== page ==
There’s no denying the utility of Dropbox. It is used in more than 200 countries with support in 19 languages; more than 300,000 apps are supported by the Dropbox platform.
This is a big accomplishment, especially when you consider that less than a decade ago, only savvy college students and people in the tech community knew about Dropbox.
The rise of Dropbox coincided with a boom in mobile computing and network accessibility. As laptop computers became lighter, faster and cheaper, a new wave of technology — smartphones and tablets — began to hit the market. The smartphone ushered in a new era of connectivity. Now, people didn’t need to dig a laptop out of their bag and log into Wi-Fi to stay connected; they’d simply take a smartphone from their pocket and have a world of information at their fingertips.
As users amassed more mobile devices, the need to sync data between them all became more apparent. Dropbox met that need. The business community took note, especially as its own users started using personal Dropbox accounts to store and share company information. The launch of Dropbox for Business in 2011 was a direct response to so many companies wrestling to maintain control over their files as employees turned to Dropbox for its functional and easy-to-use sync and share solution.
The Rise Of Consumer-Grade File Sharing Services
Today, millions of people use consumer-grade services like Dropbox, Google Drive or Microsoft OneDrive to share and sync their work files. OneDrive is the No. 2 cloud-based file storage solution, behind Dropbox and ahead of Google Drive. But OneDrive is expected to surpass Dropbox upon the release of Windows 10, where it will be bundled for free.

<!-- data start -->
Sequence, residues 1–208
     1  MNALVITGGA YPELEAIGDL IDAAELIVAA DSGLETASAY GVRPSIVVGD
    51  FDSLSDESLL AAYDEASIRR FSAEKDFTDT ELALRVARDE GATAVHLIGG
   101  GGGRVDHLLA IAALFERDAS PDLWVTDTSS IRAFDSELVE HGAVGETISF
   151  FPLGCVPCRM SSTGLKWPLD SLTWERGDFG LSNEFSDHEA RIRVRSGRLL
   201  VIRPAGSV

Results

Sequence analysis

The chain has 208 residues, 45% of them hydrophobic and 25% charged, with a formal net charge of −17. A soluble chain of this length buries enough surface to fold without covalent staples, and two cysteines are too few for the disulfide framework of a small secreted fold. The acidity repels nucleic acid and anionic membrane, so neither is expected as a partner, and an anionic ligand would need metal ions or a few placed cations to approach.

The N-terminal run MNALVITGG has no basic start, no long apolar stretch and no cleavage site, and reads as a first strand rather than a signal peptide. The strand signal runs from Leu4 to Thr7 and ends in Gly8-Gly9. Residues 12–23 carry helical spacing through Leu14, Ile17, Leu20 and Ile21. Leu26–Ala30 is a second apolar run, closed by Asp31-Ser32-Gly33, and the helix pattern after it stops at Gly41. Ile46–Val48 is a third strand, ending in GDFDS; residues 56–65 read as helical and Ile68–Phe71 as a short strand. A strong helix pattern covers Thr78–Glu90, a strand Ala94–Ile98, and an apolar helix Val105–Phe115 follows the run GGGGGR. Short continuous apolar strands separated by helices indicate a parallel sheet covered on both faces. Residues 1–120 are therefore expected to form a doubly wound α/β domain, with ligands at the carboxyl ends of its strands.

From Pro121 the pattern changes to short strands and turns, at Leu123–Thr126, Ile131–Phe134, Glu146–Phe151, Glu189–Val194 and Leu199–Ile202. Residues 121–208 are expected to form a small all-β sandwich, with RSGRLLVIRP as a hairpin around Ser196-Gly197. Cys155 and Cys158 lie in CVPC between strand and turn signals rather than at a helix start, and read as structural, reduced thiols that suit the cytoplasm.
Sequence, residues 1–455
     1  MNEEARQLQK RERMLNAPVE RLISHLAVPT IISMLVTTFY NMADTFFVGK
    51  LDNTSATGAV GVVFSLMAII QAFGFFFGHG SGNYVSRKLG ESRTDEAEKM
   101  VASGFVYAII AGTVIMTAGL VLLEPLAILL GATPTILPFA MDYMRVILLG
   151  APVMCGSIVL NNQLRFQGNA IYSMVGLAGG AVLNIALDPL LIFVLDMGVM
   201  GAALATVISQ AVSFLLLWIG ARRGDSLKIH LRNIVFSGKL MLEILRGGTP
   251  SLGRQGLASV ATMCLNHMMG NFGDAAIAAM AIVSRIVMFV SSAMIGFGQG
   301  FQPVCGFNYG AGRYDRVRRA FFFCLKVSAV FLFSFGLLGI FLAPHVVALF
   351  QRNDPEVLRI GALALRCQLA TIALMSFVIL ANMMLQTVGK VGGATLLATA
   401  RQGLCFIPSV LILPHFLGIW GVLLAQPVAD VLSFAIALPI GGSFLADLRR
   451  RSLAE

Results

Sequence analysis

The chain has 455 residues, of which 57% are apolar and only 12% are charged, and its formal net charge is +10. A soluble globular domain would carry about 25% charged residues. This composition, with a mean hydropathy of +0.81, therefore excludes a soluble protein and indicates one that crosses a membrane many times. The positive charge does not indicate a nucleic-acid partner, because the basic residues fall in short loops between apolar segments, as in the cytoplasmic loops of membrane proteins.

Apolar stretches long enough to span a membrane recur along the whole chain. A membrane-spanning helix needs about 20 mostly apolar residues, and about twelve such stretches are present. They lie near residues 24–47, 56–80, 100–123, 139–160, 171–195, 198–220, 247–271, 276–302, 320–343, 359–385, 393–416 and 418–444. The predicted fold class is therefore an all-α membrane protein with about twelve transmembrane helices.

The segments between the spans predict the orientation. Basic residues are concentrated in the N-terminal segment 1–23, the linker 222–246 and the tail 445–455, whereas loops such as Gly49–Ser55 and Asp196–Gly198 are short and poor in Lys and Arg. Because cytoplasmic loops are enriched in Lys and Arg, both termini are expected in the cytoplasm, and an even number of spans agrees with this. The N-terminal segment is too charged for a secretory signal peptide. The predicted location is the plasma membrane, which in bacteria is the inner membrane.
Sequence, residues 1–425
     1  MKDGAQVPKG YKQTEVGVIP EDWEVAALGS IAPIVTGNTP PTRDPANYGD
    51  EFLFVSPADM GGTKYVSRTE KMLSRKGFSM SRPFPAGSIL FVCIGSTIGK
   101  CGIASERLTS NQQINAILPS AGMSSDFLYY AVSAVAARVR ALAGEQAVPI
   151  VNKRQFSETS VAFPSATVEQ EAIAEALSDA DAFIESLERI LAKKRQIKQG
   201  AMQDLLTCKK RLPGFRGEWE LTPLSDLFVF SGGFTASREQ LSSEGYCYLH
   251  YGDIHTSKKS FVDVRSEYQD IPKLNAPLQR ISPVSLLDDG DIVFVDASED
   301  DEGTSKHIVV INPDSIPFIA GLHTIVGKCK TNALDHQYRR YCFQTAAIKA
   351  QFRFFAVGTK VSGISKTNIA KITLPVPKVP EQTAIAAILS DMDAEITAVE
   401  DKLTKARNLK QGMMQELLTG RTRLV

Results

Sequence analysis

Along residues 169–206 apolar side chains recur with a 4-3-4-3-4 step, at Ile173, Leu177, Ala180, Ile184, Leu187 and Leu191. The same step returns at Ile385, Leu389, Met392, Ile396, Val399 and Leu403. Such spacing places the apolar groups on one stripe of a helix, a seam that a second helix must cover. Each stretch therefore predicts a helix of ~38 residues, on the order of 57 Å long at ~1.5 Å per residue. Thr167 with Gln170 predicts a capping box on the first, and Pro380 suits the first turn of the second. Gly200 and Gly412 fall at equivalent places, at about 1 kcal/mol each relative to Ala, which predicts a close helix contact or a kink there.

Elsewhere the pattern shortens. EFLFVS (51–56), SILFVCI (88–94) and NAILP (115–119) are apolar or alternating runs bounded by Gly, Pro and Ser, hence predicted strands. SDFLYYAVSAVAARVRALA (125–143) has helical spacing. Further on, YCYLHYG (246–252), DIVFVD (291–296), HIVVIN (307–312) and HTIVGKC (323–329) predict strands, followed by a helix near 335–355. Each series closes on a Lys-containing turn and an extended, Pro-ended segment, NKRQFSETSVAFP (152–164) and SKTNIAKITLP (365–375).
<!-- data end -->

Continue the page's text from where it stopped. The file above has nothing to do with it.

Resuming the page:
However, these services don’t provide the security and access controls — such as mobile content management (MCM) and digital rights management (DRM) — necessary for many enterprise clients to operate under compliance and within certain regulations.
Moreover, because of its size, Dropbox is a big target.
It’s no secret that password security is poor overall. IBM reports that password security continues to be a “major factor” in data breaches around the globe. IBM’s Threat Intelligence Quarterly report indicates that poorly managed authentication policies — be it predictable or weak passwords, or the reuse of passwords across the Internet and the enterprise — is “concerning.”
Anyone with the will and the way could gain access to any of the millions of known email addresses and plain text passwords compiled from security breaches over the years. This stolen data can help hackers further enumerate common passwords, as well as provide ammunition for brute-force attacks on a system by exploiting commonly reused passwords.
Why You Should Consider Dropbox Alternatives
In 2014, several hundred Dropbox account passwords were leaked and hackers threatened to expose as many as 7 million more stolen account records. Although the integrity of Dropbox’s enterprise file security was called into question, the cloud storage provider denied it was hacked, saying instead that “usernames and passwords were unfortunately stolen from other services and used in attempts to log in to Dropbox accounts.”
While Dropbox’s servers were not hacked into, Dropbox user accounts were still compromised. With end-user password strength continuing to be a weak link in information security, wouldn’t you want to share your enterprise files on a system that can control file access beyond the corporate network and delete files remotely if necessary?
If so, start looking into the Dropbox alternatives on the market that offer greater security and control with the user-friendly features.
Learn more about secure enterprise file sharing by reading our free report, 5 Warnings You Should Heed When Searching For Dropbox Alternatives.